Putin: Russia to expanding its defense potential in anticipation of disarmament
Russian President Vladimir Putin said during a meeting with high-ranking officers and prosecutors that Russia will continue expanding its defense potential, however, it is ready to do everything to promote disarmament.
"Our army and our fleet have proven their high capabilities," Putin stressed. "And we plan to continue expanding our defense potential, putting hypersonic and laser systems on alert along with other modern arms systems, which other countries do not possess so far," TASS cited the Russian leader as saying.
However, for Russia this is "not a cause to threaten someone," he pointed out.
"On the contrary, we are ready to do everything in our power to promote disarmament taking into account or new arms systems, whose only goal is to guarantee security among the growing threats we are facing," the Russian president stressed.
The editor-in-chief of 'National Defense' magazine, Igor Korotchenko, speaking with the correspondent of Vestnik Kavkaza, noted that now, when the United States withdraws from all fundamental treaties that ensure world military-political stability, the prospect of disarmament has become illusory. "Most likely, there will be no disarmament in the near future. Our initiatives don't meet any positive response from opponents. Therefore, an arms race seems inevitable. The question is how to minimize the costs required by the race," he said.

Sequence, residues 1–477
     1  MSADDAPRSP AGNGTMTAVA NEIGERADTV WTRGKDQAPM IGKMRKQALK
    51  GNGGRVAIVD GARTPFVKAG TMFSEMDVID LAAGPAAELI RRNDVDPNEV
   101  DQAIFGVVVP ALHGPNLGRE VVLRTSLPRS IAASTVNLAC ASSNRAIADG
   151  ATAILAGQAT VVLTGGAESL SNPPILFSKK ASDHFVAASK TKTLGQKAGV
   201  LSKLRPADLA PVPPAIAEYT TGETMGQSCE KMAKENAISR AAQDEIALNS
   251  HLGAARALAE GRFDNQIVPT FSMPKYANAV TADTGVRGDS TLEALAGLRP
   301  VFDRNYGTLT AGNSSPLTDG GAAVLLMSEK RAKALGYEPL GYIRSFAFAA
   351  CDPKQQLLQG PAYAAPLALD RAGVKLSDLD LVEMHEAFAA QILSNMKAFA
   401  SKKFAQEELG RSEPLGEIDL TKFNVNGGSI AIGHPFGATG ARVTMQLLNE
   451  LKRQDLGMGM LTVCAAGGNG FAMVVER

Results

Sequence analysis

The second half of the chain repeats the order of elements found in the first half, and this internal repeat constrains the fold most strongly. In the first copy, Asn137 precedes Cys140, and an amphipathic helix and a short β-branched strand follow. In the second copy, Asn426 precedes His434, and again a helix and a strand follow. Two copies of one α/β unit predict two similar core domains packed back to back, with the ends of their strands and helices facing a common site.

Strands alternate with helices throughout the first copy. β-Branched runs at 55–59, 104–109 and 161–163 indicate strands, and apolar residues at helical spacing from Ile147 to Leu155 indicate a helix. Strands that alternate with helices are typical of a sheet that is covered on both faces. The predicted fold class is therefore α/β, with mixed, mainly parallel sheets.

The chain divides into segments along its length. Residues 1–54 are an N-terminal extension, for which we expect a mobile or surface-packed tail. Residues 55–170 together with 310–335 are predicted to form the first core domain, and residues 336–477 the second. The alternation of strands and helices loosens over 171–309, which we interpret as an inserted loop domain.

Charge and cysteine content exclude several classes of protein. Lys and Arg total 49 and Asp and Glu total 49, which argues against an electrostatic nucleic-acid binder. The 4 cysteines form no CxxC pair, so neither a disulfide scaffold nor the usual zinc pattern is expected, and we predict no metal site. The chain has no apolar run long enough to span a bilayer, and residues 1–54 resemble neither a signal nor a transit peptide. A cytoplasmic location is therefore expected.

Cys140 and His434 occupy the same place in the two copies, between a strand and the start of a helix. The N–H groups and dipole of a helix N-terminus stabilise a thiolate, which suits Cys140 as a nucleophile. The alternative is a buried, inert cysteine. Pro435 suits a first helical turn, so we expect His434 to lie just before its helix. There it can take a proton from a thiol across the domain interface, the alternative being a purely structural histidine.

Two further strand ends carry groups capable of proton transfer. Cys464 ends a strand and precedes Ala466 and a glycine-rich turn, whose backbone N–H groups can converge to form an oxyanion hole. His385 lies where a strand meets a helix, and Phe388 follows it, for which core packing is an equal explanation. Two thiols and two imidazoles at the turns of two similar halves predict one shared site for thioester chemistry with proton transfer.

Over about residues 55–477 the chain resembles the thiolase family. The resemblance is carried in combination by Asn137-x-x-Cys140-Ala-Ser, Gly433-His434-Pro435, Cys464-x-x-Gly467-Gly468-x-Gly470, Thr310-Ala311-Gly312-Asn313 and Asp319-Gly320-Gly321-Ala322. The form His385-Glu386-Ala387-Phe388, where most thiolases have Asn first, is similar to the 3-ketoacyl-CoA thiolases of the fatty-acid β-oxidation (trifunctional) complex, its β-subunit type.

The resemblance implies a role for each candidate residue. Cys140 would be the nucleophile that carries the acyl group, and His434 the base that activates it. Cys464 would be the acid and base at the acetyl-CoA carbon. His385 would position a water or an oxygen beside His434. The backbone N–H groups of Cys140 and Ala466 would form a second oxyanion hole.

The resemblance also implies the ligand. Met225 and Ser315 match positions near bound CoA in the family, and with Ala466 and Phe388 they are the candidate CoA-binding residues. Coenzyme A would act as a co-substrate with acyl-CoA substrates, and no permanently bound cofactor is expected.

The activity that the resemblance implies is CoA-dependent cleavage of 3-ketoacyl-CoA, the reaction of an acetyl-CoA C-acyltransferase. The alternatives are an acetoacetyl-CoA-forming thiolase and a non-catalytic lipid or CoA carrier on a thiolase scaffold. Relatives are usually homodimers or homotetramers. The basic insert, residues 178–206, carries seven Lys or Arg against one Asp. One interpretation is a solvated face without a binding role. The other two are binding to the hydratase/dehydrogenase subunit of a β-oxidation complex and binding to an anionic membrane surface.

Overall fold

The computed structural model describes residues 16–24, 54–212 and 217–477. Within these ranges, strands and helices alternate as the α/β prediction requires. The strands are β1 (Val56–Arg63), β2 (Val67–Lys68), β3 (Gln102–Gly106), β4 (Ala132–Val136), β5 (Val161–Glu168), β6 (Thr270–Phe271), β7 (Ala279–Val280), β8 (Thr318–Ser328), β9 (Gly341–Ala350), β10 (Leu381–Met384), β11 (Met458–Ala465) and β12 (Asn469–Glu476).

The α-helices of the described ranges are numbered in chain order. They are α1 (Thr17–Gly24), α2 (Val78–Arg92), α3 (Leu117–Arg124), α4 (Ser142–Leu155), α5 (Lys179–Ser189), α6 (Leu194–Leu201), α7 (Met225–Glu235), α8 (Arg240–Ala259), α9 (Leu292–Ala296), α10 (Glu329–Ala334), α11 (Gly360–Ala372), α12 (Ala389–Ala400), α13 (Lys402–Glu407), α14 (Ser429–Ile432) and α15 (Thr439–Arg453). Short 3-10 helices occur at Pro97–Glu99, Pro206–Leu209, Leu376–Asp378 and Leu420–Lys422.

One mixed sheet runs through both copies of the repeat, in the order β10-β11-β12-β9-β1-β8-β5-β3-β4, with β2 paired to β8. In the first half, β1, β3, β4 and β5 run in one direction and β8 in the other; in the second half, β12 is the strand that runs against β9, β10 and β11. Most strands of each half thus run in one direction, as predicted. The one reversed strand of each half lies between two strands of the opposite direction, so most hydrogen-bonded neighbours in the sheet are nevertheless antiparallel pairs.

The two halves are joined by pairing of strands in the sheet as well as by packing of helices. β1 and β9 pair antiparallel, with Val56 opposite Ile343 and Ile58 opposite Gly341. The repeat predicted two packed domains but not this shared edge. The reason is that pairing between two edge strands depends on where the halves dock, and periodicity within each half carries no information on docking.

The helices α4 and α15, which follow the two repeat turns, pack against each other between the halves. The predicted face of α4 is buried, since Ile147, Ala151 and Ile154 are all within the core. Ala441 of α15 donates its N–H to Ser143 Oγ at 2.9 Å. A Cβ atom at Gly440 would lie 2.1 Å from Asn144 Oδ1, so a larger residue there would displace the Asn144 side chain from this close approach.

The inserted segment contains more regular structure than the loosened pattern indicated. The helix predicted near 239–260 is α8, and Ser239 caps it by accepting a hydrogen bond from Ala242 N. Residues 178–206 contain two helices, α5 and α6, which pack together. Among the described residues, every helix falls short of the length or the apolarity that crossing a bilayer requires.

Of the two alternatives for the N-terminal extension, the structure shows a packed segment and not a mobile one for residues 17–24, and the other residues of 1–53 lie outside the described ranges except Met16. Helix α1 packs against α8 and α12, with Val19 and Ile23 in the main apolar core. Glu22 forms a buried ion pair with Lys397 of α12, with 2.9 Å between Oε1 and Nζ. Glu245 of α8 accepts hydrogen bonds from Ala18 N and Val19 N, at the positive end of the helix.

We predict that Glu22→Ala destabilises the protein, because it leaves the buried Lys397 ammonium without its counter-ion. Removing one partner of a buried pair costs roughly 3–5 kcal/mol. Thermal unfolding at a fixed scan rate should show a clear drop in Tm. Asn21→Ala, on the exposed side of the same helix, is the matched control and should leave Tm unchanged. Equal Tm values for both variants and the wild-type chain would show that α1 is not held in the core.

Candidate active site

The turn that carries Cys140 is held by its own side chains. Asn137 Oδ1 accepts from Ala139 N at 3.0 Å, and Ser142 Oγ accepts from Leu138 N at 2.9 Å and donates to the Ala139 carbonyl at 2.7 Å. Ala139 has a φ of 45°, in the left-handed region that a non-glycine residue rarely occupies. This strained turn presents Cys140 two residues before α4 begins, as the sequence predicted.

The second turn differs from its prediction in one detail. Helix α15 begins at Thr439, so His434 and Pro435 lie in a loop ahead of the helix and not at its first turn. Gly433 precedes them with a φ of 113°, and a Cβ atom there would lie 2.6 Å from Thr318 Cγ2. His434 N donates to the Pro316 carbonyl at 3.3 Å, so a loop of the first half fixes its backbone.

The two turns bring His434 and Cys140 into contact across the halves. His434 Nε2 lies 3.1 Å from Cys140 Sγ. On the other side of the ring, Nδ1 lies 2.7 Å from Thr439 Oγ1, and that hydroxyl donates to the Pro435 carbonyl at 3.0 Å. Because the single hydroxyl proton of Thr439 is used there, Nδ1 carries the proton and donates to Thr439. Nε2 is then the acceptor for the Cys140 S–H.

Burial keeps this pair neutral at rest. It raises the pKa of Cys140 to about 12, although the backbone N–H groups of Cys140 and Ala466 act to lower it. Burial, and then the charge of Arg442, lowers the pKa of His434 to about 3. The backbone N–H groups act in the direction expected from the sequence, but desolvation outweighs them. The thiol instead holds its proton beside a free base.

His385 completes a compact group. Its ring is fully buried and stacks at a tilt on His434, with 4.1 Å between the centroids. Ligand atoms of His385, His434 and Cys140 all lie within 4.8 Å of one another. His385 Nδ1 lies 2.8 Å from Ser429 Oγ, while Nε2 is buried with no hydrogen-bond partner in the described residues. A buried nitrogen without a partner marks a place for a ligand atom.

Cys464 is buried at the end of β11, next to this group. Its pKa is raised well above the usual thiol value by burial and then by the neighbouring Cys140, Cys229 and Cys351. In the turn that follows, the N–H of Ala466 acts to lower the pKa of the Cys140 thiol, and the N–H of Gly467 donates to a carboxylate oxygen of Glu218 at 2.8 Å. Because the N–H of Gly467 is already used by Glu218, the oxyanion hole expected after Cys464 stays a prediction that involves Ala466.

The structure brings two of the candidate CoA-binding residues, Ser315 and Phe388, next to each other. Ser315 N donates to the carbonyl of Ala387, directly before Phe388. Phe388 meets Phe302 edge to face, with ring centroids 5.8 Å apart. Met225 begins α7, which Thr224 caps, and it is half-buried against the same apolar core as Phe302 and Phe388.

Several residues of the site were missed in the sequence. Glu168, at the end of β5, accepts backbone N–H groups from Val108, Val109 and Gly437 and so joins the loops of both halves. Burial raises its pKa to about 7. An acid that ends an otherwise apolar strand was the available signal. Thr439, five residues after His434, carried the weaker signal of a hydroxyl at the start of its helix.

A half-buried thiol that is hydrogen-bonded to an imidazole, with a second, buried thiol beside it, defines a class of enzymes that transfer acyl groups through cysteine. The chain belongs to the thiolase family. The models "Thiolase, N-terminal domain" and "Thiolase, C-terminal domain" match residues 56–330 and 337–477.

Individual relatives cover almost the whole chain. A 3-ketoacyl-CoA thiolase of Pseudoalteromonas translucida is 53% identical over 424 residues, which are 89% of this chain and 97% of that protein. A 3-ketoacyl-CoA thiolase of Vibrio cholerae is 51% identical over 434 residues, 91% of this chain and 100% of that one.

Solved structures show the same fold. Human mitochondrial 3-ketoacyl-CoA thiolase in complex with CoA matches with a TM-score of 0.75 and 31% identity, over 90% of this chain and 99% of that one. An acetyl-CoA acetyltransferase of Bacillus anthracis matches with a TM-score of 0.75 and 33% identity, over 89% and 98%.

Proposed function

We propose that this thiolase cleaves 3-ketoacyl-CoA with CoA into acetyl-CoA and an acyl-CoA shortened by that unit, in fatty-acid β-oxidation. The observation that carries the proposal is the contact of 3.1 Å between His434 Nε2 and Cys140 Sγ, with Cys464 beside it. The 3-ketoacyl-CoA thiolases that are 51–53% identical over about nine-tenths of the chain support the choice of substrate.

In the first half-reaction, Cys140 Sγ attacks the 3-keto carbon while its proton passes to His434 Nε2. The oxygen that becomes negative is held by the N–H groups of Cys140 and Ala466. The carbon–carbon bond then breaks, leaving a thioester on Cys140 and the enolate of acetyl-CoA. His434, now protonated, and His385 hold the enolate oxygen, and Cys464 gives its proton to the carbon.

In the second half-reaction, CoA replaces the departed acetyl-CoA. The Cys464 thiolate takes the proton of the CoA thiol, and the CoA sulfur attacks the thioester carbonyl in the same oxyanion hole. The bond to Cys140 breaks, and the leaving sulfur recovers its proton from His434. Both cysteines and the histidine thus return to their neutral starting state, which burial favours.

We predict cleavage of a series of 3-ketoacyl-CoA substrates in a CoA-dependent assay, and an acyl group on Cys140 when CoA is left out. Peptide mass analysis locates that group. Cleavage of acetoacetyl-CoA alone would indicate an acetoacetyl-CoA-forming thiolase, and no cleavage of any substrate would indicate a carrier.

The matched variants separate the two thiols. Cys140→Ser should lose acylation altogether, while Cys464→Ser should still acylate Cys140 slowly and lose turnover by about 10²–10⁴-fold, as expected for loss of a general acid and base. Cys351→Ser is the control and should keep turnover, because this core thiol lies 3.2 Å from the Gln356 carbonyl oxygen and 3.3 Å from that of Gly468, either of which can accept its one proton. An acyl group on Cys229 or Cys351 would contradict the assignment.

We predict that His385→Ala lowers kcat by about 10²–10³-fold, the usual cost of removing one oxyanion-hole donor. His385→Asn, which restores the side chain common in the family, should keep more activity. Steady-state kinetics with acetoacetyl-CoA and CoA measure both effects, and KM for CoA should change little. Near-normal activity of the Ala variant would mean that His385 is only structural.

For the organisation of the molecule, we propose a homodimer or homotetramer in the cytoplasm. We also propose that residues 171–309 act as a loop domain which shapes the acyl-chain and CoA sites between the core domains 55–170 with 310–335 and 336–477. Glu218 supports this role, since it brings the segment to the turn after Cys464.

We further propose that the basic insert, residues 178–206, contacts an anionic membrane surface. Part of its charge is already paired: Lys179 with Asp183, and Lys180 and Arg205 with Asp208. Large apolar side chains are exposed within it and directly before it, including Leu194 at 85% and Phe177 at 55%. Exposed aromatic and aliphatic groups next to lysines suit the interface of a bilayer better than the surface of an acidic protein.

"In general, the main measures for the rearmament of the Russian army and navy have already been taken. In fact, 70% of our weapon are new now. The main thing now is to understand whether there will be new American nuclear missiles in Europe aimed at Russia after the U.S. withdraws from the INF Treaty or not. My forecast is pessimistic: the Americans will deploy the strike system in Europe, and we will have to retaliate under these conditions," Igor Korotchenko stressed.
"I think that Russia's main efforts will be focused on building up the aerospace defense system with the guaranteed ability to repulse the enemy’s first strike and the priority of developing strategic nuclear forces, primarily, bearing in mind the potential of a military strike and the reliable functioning of the missile attack notification system," the editor-in-chief of 'National Defense' magazine expressed confidence.